The bottom of the standings certainly got more interesting this weekend following LIU Brooklyn’s 69-64 win at the Barclays Center over Sacred Heart. After starting the year 0-10 in league play, the Blackbirds have won two out of their last three and are only one game behind Central Connecticut State and Fairleigh Dickinson for the eighth and final playoff spot. In fact, the Blackbirds will play both the Blue Devils and Knights during the final week of conference play, games that could have major implications as to who makes the postseason and which two teams will be left on the outside looking in.
*KEYSTONE STATE COLLISION: 345 days after meeting at DeGol Arena to decide the 2018 NEC Championship, the Robert Morris Colonials returned to Loretto for the first time since last March to take on the reigning NEC champion Saint Francis Red Flash.
The game would come down to the fourth quarter and see the Colonials outscore SFU 11-4 over the final three minutes to come away with a 66-60 victory, their 12th win in their last 13 games. The game featured several eye popping surprises, first of which was the RMU defense holding Jess Kovatch to a career low six points on 1-9 shooting. Kovatch, who had averaged 25.4 points on 42.3% shooting in seven prior career games against the Colonials, became the sixth straight opposing team’s leading scorer to be held to single digit scoring against RMU.
“It’s a team effort. It’s not just that matchup, but the team energy to talk,” said Robert Morris head coach Charlie Buscaglia in his post-game interview on ESPN3 with Pam Roecker. “Our five, Nneka Ezeigbo, was great with talking and continuing to stay to the next play. It was a team effort, (Kovatch) is a great player, she’s a great offensive scorer, and we had to be really good today to stop her.”
The Red Flash, one of the top free throw shooting teams in the league, uncharacteristically left a lot of points off the board due to missed free throw opportunities, going 16 for 26 from the charity stripe on the night. Robert Morris also dominated the boards with a 48-34 advantage, and a 19-6 advantage on the offensive glass, leading to 17 Colonial second chance points. RMU also hoisted up a season high 39 three point attempts. Six of those three point attempts were successfully converted by sophomore guard Nina Augustin, leading to a career high 18 point outing. Nneka Ezeigbo finished a rebound shy of a double-double with 16 points and 9 rebounds.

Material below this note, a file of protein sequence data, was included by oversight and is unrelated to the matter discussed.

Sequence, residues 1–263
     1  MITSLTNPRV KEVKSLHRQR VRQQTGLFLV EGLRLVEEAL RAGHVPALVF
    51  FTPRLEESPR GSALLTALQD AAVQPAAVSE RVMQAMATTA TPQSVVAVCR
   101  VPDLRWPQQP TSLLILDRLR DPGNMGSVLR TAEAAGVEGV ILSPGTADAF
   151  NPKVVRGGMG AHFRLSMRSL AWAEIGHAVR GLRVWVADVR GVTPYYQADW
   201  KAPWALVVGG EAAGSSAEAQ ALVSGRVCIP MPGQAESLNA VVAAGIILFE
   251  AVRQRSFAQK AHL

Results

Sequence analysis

The teams will meet up again in the regular season finale on Thursday, March 7th in Moon Township. Check out highlights from Monday night’s prime-time President’s Day showdown below…
*HISTORY FOR THE DUO FROM DOWN UNDER: St. Francis Brooklyn’s ‘Duo from Down Under’ had themselves a weekend as the Terriers welcomed in LIU Brooklyn and Central Connecticut State for games at the Pope PE Center. On Saturday, senior guard Amy O’Neill recorded her second triple-double of the season with a 16 point, 10 rebound, and 11 assist afternoon against borough rival LIU Brooklyn. O’Neill recorded the lucky 13th triple-double in NEC history and joins RMU’s Chinata Nesbit from 2008 as only players in league annals to have multiple triple-doubles in a single season. All this coming just two weeks after O’Neill recorded her first triple-double, and the first in program history, with 13 points, 13 rebounds, and 12 assists in 44 minutes against Sacred Heart. The Melbourne native is one of only six players in the nation to have multiple triple-doubles on the season. Also during the game against the Blackbirds, an O’Neill dish to Johnson on a made jumper would give O’Neill the school’s single season assist record, which previously stood for 28 years. The senior’s tally now stands at 207 helpers, and counting, in 2019.
“Amy is an amazing player, and definitely the heart and soul of this team,” St. Francis Brooklyn head coach Linda Cimino commented during her post-game press conference. “She’s such a great playmaker for us and I’m really proud of her and happy for her.”
Join us next week here on the #NECWBB Fast Break, where we will sit down and chat with the NEC’s Triple-Double Queen.
Meanwhile, O’Neill’s tag team partner, Jade Johnson, was also busy making history of her own on Saturday afternoon, netting her 1,000th career point in the first half of the game against LIU Brooklyn. Johnson reaches the milestone as a junior, and becomes the 18th member of the St. Francis Brooklyn 1,000 point club, joining teammate Maria Palarino who eclipsed 1,000 points earlier this year at Mount St. Mary’s. Johnson and Palarino join Central’s Kiana Patterson, Bryant’s Sydney Holloway, and Sacred Heart’s Katherine Haines, as players who have reached 1,000 career points this season.
“To score 1,000 points is a great accomplishment, but to do it as a junior is really tremendous,” said Coach Cimino. “I’m really happy for her. She needed 20 points going into today’s game, I didn’t realize she was going to get it in the first half! She was on today. It was a great day for the Aussies today.”
Not too long ago, we welcomed her teammate to the 1,000 point club. Now it’s time to welcome the 18th player in our history to the same list. Congratulations to our very own, JADE JOHNSON! #BrooklynTough 🏀 pic.twitter.com/UxFE6BFrvP— St. Francis Brooklyn WBB 🏀 (@SFBK_WBB) February 16, 2019